Perfect health starts with perfect digestion.
A promise is a promise. Today I share with you my recipe for Ayurvedic Mung Dahl.
Please know that the main ingredient for Mung Dahl is patience. Because it takes a while for the mung dahl to become a liquid soup. Below the ingredients you will need for (approximately) 3-4 portions. But keep in mind that we are all unique and all need different things. The quantity may therefore differ from person to person.
Ingredients for 3-4 portions
Ingredients for the Mung Dahl
500 gr mung beans
Fresh ginger (2 cm)
1 ¼ tbs. ghee or 1 tbs. sesame oil (for cooking) & 1 tsp. omega 3-6-9 oil (as topping)
1 tsp. cumin seeds
1 tsp. coriander seeds
1 tsp. fennel seeds
1 tsp. turmeric powder
¼ tsp. hing or asafoetida
Fresh coriander (topping)
Ingredients for the salsa (Agni Booster):
Fresh ginger (5 cm)
½ tsp. himalayan salt
Squeeze lemon juice
Soak the mung beans overnight (or at least 4 hours) to make them more juicy (and eliminate some dryness) before cooking.
IMPORTANT: I know, this step will already make you not do it. But believe me the effort becomes less every step you take 🙂 — so just do it.
Rinse the mung beans a couple of times until the water is clear.
Heat 1 tbs. ghee or sesame oil in a pan and add the turmeric and asafoetida or hing powder (to reduce the gas forming properties of the beans). Sauté for a couple of minutes before you add the soaked mung beans and 2 liters water to it.
Let it cook on low fire for about 45 minutes adding more water if necessary. Continue to cook until all the beans are soft and broken up. If you want to add veggies add them for the last to minutes so they do not overcook.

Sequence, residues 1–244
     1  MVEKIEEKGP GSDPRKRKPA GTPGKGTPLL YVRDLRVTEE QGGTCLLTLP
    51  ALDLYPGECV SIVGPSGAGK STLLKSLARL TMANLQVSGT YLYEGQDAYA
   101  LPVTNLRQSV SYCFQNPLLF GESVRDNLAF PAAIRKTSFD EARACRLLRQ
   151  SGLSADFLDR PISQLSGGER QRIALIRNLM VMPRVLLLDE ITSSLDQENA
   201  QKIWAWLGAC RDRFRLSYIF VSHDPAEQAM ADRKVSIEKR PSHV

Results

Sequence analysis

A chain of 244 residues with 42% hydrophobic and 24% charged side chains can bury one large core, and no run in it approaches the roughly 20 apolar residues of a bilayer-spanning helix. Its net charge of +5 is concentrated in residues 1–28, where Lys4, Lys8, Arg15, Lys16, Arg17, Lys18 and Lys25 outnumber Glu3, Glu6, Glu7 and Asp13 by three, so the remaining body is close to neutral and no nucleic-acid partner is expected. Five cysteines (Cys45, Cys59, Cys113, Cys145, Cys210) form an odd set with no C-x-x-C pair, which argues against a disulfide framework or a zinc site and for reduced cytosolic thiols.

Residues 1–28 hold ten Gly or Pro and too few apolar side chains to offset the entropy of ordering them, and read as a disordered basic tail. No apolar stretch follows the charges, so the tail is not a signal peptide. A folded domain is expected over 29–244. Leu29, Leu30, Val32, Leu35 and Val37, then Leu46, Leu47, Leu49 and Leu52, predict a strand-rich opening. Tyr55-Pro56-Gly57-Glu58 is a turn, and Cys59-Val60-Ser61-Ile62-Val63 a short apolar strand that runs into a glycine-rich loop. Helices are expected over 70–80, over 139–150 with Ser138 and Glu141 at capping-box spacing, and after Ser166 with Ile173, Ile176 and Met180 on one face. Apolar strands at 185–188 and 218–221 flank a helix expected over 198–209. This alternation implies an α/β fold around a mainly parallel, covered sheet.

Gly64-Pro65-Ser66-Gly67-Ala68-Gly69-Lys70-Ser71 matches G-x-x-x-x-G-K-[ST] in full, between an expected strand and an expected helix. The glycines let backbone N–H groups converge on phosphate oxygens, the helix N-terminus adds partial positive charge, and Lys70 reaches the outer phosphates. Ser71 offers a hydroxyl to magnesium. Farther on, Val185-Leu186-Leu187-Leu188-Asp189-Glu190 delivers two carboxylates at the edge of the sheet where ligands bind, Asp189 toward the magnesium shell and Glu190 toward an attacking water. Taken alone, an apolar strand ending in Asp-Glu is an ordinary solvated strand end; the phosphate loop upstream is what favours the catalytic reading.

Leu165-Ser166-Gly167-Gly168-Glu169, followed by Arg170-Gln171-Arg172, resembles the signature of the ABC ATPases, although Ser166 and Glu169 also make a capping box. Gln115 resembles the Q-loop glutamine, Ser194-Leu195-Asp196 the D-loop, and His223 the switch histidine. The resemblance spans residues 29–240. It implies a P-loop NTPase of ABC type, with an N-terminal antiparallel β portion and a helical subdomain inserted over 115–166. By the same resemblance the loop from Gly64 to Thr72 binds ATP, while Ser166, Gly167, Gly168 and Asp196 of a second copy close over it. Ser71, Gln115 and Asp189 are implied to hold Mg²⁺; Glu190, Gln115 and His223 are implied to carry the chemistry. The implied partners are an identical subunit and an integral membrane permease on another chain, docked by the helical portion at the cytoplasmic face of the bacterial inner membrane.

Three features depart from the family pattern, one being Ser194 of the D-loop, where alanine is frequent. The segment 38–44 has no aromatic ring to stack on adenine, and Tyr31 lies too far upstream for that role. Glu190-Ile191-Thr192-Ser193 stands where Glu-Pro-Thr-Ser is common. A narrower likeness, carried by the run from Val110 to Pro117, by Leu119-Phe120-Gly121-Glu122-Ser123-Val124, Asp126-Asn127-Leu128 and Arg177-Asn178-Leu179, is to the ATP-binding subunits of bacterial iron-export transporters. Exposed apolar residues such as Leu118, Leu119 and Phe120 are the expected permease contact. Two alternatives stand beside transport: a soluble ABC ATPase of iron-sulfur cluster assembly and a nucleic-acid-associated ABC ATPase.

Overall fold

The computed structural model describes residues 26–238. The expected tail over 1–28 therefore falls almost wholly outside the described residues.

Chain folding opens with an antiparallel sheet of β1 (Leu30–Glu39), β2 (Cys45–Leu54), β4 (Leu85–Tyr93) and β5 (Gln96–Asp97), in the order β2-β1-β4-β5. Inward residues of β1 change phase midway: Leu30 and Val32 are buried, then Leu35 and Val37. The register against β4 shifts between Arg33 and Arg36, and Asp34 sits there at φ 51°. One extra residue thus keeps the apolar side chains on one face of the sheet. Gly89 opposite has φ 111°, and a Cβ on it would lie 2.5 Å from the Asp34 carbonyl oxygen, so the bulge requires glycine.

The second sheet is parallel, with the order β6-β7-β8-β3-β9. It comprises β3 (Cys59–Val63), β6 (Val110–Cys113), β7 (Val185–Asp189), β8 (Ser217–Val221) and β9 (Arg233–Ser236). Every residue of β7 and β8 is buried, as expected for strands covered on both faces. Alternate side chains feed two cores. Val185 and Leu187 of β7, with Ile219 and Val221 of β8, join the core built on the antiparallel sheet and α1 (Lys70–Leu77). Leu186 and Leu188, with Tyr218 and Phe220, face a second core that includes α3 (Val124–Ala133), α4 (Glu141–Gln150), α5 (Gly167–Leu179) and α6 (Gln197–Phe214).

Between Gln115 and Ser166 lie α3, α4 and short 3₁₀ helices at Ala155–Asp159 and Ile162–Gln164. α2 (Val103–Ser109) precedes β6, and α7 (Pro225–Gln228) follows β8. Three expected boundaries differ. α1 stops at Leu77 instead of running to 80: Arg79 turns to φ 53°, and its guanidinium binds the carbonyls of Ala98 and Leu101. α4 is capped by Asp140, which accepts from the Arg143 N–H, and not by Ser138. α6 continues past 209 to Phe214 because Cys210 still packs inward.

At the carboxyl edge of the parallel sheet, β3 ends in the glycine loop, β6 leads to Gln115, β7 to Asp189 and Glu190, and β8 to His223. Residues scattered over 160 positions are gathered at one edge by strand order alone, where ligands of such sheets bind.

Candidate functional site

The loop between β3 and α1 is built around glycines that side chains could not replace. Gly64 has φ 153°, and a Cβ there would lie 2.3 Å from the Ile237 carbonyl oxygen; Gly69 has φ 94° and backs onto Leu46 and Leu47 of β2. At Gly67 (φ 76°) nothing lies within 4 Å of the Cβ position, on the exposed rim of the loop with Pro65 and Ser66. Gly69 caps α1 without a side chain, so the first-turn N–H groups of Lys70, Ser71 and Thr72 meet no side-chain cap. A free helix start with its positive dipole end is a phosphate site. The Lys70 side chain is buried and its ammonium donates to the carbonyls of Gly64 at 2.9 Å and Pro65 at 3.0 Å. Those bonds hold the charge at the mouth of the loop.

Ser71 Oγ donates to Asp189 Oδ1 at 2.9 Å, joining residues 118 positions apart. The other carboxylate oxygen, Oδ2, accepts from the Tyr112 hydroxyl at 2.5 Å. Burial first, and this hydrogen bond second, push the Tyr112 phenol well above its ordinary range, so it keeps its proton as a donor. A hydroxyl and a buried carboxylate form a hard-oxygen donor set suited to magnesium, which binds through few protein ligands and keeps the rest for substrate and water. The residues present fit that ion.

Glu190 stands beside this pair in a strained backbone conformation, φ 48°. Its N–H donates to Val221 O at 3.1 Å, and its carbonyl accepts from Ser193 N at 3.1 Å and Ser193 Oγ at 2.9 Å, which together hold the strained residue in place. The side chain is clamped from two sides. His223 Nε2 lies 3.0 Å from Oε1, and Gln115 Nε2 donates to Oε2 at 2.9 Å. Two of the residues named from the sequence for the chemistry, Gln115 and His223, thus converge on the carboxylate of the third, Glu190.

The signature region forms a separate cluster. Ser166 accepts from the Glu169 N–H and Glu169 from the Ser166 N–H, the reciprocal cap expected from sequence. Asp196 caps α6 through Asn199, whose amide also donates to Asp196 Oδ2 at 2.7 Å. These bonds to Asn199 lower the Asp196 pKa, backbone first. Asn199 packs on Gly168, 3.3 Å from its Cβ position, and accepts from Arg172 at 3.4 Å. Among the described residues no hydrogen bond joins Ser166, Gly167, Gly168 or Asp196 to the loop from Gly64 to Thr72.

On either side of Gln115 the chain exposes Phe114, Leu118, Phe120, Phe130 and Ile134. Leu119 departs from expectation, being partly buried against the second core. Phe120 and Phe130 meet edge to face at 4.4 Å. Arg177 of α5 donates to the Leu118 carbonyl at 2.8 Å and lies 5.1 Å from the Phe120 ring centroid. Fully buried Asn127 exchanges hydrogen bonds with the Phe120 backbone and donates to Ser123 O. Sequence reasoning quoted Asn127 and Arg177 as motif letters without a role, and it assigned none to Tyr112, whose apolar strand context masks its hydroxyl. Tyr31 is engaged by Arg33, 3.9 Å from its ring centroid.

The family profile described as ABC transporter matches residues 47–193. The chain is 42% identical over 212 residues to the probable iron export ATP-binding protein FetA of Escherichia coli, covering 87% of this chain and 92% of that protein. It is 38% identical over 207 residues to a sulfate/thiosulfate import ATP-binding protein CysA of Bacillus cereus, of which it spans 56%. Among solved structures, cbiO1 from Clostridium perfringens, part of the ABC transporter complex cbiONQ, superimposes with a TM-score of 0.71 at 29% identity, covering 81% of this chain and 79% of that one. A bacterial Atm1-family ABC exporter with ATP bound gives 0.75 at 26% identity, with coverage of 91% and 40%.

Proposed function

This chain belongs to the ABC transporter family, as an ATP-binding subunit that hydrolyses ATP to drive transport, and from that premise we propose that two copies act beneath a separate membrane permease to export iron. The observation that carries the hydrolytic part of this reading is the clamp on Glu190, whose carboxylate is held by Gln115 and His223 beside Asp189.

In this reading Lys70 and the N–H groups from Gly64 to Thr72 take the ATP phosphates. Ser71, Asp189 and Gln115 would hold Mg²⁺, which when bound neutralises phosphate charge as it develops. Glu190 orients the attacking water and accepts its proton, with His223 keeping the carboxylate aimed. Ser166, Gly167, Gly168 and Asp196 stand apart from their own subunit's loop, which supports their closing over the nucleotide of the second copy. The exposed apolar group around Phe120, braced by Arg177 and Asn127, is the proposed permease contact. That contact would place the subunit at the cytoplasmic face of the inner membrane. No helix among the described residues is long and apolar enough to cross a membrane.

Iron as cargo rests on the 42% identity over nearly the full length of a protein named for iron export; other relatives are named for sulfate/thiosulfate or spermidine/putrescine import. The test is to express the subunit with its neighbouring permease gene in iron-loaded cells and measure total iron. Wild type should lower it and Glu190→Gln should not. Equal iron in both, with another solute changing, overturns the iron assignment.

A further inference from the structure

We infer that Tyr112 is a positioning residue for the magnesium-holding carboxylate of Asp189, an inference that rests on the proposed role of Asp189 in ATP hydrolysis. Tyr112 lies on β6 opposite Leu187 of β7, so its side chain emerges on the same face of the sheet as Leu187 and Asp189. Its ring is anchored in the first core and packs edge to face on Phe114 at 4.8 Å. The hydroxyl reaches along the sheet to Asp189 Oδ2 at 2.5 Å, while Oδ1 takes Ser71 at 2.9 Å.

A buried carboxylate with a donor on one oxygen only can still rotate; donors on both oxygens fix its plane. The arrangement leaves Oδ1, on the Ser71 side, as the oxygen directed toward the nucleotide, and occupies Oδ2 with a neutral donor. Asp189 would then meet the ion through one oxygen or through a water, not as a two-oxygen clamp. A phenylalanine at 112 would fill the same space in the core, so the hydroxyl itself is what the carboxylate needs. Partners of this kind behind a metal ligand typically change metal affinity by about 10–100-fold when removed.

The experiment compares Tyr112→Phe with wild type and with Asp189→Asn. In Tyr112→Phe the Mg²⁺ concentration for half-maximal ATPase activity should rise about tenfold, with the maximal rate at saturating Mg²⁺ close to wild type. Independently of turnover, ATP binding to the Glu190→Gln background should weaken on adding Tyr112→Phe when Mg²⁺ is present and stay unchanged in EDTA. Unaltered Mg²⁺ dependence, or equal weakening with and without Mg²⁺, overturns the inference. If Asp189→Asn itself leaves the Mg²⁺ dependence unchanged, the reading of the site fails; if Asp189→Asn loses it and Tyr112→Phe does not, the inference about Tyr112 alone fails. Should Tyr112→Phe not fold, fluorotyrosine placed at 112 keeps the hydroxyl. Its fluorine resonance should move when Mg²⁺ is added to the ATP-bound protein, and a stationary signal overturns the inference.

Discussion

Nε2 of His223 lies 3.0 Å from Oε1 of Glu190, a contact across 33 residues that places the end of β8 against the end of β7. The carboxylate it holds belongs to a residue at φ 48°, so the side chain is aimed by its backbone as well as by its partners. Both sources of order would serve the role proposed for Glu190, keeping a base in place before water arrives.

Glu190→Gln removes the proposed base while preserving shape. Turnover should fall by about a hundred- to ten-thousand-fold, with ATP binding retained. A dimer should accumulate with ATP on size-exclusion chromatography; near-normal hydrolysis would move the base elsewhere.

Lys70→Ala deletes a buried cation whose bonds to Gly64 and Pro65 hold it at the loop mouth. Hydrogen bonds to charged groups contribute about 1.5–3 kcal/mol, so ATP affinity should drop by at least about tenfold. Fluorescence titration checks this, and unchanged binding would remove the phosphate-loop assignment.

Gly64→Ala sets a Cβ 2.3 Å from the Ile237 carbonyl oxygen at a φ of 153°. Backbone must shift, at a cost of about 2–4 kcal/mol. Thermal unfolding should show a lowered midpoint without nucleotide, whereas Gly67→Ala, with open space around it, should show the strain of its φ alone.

Prepare the salsa: chop 5 cm fresh ginger and add ½ tsp. himalayan salt and a squeeze of lemon juice to it. You can use this salsa the whole day to top off your mung dahl.
Once the mung dahl is almost ready you start to sauté the chopped ginger, cumin-, coriander- & fennel seeds in a separate pan with 1 tbs. ghee or sesame oil. If you want you can now add some of your favourite spices to it like cardamom, black pepper or even some curry powder.
When the spices are nicely sautéd you can add it together with some himalayan salt and black pepper to the mung dahl and let it simmer for another 2 minutes or so. Adding the spices at the end of the cooking process helps to retain the flavours and therapeutic value of the herbs.
Serve the mung dahl with some nicely chopped coriander leaves, a tsp. salsa and add the ghee (or if you prefer to eat vegan 1 tsp. omega 3-6-9 oil) to it.
Now, if you like this dish as much as I do I’ve good news: In Ayurveda this food is very well known for it’s cleansing properties. Cleansing your gut was never so tasteful.
Want to learn more about cleansing with Ayurveda? Stay tuned, because on 27 March (17.30-19.30) I will give another Ayurevedic Cleanse workshop at The White Door Studio. Tickets available soon.
Meanwhile you can buy my e-book on Ayurvedic Cleanse here.